2.7. Lab-Scale Column Breakthrough Tests
IOCS (ca. 30 g) was loaded into a lab-scale filtration column with a diameter of 2.54 cm and 14 cm in height to produce the uranium breakthrough curve for the IOCS media. Glass wool was used at the inlet of the fixed bed column to prevent loss of media. A precision digital peristaltic pump was used to deliver the uranium containing water to flow through the IOCS column media. The effects of the depth-to-width ratio and flow rate of the filtration column were studied with the filtration column at a fixed diameter, and various amounts of IOCS were added to alter the depth of the adsorption bed. Three depth-to-width ratios were studied (1.14, 2.21, and 4.43). The mathematical models used in this work are summarized in Table 1, model parameters and related equations of the non-linear model are listed. Experimental data were processed by non-linear fitting methods to compare the accuracy and evaluate the errors of the experimental data.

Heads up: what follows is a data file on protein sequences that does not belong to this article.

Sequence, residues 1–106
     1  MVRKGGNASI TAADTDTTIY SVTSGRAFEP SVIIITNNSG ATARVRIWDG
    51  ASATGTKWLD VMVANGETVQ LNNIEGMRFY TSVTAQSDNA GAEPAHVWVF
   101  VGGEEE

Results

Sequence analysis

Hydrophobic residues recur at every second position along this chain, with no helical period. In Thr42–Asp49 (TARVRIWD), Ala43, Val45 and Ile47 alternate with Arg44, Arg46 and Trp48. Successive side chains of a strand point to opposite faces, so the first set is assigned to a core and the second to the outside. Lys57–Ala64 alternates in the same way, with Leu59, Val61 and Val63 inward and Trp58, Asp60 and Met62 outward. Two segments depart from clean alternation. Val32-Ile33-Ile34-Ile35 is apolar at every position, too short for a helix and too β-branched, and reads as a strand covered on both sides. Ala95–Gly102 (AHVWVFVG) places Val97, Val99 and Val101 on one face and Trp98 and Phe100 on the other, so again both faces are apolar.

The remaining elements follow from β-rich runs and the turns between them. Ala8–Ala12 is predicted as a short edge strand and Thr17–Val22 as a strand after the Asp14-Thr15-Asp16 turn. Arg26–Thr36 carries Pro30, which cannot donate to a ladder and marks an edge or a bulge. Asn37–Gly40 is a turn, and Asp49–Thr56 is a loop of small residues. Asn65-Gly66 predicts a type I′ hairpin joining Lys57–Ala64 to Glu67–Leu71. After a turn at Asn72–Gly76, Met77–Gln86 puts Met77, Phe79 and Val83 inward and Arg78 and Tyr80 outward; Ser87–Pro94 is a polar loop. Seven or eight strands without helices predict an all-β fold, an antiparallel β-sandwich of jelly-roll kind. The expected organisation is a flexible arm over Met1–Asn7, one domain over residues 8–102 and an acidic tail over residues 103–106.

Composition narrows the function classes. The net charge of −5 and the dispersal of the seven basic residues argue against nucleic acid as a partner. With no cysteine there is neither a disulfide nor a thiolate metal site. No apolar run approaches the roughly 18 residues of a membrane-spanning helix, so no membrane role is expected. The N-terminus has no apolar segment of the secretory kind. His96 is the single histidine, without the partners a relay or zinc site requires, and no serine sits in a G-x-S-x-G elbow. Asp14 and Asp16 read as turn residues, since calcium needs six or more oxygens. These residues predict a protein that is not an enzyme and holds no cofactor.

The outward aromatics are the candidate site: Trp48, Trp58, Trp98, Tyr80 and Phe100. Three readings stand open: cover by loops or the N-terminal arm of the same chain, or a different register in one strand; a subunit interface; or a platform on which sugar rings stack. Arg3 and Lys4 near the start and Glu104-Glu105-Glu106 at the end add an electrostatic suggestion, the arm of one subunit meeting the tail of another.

Table 1. Adsorption models for the breakthrough curves.